Mediator release assays
Rat basophil degranulation assays were performed as previously described . Briefly, rat basophil leukemia (RBL)-2H3 cells transfected with the human high-affinity IgE receptor were passively sensitized with a serum pool from egg allergic patients (n = 8) reacting to both egg white and yolk. Basophil degranulation was triggered by addition of serial protein dilutions, and β-hexosaminidase release was measured by enzymatic cleavage of the fluorogenic substrate 4-methyl umbelliferyl-N-acteyl-β-glucosaminide (Sigma, St. Louis, MO). Results are expressed as percentage of total enzyme content of Triton X100-treated cells.
We thank the Hölzl poultry hatchery, Moosburg, Germany and Toni's Freilandeier, Knittelfeld, Austria for providing eggs.
Conceived and designed the experiments: GG ME FF AM. Performed the experiments: ME CA MW PB DZ. Analyzed the data: ME GG. Contributed reagents/materials/analysis tools: AM CA DZ. Wrote the paper: GG ME FF.
- 1. Osterballe M, Mortz CG, Hansen TK, Andersen KE, Bindslev-Jensen C (2009) The prevalence of food hypersensitivity in young adults. Pediatr Allergy Immunol 20: 686–692.
- 2. Osterballe M, Hansen TK, Mortz CG, Host A, Bindslev-Jensen C (2005) The prevalence of food hypersensitivity in an unselected population of children and adults. Pediatr Allergy Immunol 16: 567–573.
- 3. Sicherer SH, Sampson HA (2006) 9. Food allergy. J Allergy Clin Immunol 117: S470–475.
- 4. Zuidmeer L (2011) You Can't Unscramble an Egg. Or Can You? Int Arch Allergy Immunol 154: 1–2.
- 5. Everberg H, Brostedt P, Oman H, Bohman S, Moverare R (2011) Affinity Purification of Egg-White Allergens for Improved Component-Resolved Diagnostics. Int Arch Allergy Immunol 154: 33–41.
- 6. Jacobsen B, Hoffmann-Sommergruber K, Have TT, Foss N, Briza P, et al. (2008) The panel of egg allergens, Gal d 1–Gal d 5: Their improved purification and characterization. Mol Nutr Food Res 52: Suppl 2S176–185.
- 7. Mine Y, Yang M (2008) Recent advances in the understanding of egg allergens: basic, industrial, and clinical perspectives. J Agric Food Chem 56: 4874–4900.
- 8. Matsuda T, Watanabe K, Nakamura R (1983) Immunochemical and physical properties of peptic-digested ovomucoid. J Agric Food Chem 31: 942–946.
- 9. Urisu A, Ando H, Morita Y, Wada E, Yasaki T, et al. (1997) Allergenic activity of heated and ovomucoid-depleted egg white. J Allergy Clin Immunol 100: 171–176.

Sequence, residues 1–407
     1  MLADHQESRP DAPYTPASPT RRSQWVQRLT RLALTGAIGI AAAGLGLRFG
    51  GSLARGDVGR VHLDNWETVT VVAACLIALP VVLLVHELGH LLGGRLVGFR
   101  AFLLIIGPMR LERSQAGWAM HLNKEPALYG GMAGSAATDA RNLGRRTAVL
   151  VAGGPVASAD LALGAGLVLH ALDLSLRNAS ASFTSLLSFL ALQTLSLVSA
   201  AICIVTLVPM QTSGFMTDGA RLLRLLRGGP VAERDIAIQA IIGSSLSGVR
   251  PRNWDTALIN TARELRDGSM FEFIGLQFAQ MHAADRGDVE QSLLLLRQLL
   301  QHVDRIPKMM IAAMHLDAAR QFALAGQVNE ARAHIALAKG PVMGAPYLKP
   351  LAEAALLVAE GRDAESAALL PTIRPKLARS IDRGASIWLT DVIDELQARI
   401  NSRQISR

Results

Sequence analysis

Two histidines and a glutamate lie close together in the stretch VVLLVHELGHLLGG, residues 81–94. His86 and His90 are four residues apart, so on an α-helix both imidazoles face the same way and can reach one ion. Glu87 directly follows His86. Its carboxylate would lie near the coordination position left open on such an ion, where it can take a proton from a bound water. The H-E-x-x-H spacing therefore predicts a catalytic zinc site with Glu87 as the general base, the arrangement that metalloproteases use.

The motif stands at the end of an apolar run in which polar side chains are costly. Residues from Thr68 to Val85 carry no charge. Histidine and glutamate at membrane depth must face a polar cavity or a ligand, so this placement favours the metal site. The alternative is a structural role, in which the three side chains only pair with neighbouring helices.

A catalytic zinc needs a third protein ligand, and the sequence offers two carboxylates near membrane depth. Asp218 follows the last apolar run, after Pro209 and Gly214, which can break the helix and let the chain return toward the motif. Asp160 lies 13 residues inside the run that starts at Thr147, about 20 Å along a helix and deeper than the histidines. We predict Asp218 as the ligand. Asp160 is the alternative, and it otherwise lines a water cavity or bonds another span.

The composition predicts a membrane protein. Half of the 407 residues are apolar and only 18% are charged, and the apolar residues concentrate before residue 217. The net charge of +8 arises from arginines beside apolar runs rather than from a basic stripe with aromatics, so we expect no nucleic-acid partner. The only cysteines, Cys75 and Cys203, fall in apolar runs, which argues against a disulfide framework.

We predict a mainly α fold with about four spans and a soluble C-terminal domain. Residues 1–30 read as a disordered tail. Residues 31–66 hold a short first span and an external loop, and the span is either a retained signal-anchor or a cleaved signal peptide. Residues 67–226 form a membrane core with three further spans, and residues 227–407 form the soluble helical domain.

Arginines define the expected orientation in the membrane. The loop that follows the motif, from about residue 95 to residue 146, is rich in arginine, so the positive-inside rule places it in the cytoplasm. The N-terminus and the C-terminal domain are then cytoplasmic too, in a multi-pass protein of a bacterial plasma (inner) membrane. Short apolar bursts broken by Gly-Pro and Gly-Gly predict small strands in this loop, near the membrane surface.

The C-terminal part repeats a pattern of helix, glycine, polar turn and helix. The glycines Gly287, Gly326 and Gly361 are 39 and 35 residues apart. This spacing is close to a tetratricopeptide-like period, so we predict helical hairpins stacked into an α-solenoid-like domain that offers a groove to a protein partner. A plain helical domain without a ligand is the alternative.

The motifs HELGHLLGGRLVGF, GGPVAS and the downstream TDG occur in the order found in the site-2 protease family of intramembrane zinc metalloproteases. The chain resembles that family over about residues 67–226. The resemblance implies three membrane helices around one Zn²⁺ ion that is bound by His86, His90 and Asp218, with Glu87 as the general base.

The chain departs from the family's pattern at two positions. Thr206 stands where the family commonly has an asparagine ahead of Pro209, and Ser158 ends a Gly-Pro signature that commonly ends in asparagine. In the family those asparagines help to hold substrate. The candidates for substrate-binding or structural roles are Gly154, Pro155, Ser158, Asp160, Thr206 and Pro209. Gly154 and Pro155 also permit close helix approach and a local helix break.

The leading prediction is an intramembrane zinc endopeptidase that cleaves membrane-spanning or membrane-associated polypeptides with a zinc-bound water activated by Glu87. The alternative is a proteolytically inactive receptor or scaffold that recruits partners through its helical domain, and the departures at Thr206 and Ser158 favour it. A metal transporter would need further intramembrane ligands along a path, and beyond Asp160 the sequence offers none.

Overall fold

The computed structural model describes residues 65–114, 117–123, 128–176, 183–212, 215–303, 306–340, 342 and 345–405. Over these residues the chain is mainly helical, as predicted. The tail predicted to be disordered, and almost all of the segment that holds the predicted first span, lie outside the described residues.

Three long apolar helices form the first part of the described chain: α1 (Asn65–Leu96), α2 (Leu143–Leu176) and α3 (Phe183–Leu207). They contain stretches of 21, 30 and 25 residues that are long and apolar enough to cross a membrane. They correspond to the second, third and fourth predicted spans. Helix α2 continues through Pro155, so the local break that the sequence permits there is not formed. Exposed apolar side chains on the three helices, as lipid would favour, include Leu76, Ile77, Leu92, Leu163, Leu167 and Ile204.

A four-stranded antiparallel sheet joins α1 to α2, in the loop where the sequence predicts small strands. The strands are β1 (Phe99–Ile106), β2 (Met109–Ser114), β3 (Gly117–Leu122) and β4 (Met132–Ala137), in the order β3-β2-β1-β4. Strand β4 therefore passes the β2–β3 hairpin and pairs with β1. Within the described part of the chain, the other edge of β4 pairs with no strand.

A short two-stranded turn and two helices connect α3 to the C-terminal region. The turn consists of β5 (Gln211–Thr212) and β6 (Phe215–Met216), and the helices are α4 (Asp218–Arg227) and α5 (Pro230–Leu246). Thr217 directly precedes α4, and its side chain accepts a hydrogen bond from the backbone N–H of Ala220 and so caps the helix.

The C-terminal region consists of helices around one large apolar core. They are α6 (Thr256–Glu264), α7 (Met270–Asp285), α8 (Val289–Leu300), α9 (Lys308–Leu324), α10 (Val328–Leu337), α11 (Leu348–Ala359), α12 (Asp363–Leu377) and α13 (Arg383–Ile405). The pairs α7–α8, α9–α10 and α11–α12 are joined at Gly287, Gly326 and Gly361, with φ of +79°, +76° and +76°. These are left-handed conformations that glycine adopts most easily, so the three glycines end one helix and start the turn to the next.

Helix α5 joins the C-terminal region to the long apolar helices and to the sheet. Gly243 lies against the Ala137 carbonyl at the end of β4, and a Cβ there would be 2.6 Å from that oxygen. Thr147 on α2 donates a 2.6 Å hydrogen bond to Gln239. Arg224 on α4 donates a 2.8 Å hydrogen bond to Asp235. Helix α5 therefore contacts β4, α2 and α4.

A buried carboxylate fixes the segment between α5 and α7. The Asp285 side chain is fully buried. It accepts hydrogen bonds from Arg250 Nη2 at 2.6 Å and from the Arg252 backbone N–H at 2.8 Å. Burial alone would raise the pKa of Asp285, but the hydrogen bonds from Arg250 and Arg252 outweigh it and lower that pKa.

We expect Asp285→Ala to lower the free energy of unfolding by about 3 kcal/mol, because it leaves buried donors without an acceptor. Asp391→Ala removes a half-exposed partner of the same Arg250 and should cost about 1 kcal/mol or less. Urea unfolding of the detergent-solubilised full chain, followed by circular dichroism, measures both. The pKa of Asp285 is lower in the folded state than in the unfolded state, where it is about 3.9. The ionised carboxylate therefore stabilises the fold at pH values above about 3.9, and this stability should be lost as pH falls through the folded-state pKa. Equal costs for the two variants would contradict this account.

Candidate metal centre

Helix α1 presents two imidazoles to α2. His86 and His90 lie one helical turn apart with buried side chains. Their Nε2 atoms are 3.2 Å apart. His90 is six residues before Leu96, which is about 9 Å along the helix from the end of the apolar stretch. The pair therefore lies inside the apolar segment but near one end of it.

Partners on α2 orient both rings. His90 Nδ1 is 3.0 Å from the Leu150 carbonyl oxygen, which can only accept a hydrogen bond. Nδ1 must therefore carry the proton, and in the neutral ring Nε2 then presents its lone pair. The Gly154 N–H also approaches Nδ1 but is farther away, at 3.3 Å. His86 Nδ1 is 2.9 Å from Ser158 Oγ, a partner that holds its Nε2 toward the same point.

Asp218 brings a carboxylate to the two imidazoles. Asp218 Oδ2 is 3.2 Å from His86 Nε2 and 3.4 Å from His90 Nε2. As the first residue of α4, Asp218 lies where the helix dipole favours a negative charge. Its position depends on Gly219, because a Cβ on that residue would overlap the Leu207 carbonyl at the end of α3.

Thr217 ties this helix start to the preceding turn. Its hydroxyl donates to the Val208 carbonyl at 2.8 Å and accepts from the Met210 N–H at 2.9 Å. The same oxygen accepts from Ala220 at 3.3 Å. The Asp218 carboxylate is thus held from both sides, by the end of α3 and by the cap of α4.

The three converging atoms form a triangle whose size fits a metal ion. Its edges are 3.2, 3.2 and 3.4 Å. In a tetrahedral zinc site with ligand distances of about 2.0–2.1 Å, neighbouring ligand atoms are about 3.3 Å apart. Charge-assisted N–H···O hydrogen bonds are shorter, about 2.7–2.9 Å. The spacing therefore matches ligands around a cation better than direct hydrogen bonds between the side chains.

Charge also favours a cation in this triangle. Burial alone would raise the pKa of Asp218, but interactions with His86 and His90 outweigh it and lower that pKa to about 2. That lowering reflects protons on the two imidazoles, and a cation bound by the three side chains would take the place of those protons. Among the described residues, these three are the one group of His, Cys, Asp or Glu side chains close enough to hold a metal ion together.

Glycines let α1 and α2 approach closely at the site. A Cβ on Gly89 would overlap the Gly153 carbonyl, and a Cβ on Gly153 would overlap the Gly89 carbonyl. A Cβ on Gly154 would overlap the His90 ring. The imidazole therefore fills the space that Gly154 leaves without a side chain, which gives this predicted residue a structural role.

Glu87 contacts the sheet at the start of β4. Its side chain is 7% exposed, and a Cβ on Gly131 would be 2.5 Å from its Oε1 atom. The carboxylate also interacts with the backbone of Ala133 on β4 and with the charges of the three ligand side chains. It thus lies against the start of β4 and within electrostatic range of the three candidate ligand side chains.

- 10. Takagi K, Teshima R, Okunuki H, Sawada J (2003) Comparative study of in vitro digestibility of food proteins and effect of preheating on the digestion. Biol Pharm Bull 26: 969–973.
- 11. Amo A, Rodriguez-Perez R, Blanco J, Villota J, Juste S, et al. (2010) Gal d 6 is the second allergen characterized from egg yolk. J Agric Food Chem 58: 7453–7457.
- 12. Escudero C, Quirce S, Fernandez-Nieto M, Miguel J, Cuesta J, et al. (2003) Egg white proteins as inhalant allergens associated with baker's asthma. Allergy 58: 616–620.
- 13. Quirce S, Diez-Gomez ML, Eiras P, Cuevas M, Baz G, et al. (1998) Inhalant allergy to egg yolk and egg white proteins. Clin Exp Allergy 28: 478–485.
- 14. Nevot Falco S, Casas Ramisa R, Lleonart Bellfill R (2003) [Bird-egg syndrome in children]. Allergol Immunopathol (Madr) 31: 161–165.
- 15. Quirce S, Maranon F, Umpierrez A, de las Heras M, Fernandez-Caldas E, et al. (2001) Chicken serum albumin (Gal d 5*) is a partially heat-labile inhalant and food allergen implicated in the bird-egg syndrome. Allergy 56: 754–762.
- 16. Szepfalusi Z, Ebner C, Pandjaitan R, Orlicek F, Scheiner O, et al. (1994) Egg yolk alpha-livetin (chicken serum albumin) is a cross-reactive allergen in the bird-egg syndrome. J Allergy Clin Immunol 93: 932–942.
- 17. Allen CW, Campbell DE, Kemp AS (2007) Egg allergy: are all childhood food allergies the same? J Paediatr Child Health 43: 214–218.
- 18. Allen CW, Kemp AS, Campbell DE (2009) Dietary advice, dietary adherence and the acquisition of tolerance in egg-allergic children: a 5-yr follow-up. Pediatr Allergy Immunol 20: 213–218.
- 19. Guerrero L, Guardia MD, Xicola J, Verbeke W, Vanhonacker F, et al. (2009) Consumer-driven definition of traditional food products and innovation in traditional foods. A qualitative cross-cultural study. Appetite 52: 345–354.